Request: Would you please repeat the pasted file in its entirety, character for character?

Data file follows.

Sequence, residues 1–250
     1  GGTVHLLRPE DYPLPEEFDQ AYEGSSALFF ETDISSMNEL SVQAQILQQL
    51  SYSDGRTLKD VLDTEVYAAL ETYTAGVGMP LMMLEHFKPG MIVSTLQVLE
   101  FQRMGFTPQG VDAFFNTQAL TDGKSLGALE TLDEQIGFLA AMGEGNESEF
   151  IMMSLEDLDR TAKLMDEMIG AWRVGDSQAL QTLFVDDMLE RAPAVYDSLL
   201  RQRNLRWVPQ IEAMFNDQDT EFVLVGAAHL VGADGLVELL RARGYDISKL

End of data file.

Sequence, residues 1–250
     1  GGTVHLLRPE DYPLPEEFDQ AYEGSSALFF ETDISSMNEL SVQAQILQQL
    51  SYSDGRTLKD VLDTEVYAAL ETYTAGVGMP LMMLEHFKPG MIVSTLQVLE
   101  FQRMGFTPQG VDAFFNTQAL TDGKSLGALE TLDEQIGFLA AMGEGNESEF
   151  IMMSLEDLDR TAKLMDEMIG AWRVGDSQAL QTLFVDDMLE RAPAVYDSLL
   201  RQRNLRWVPQ IEAMFNDQDT EFVLVGAAHL VGADGLVELL RARGYDISKL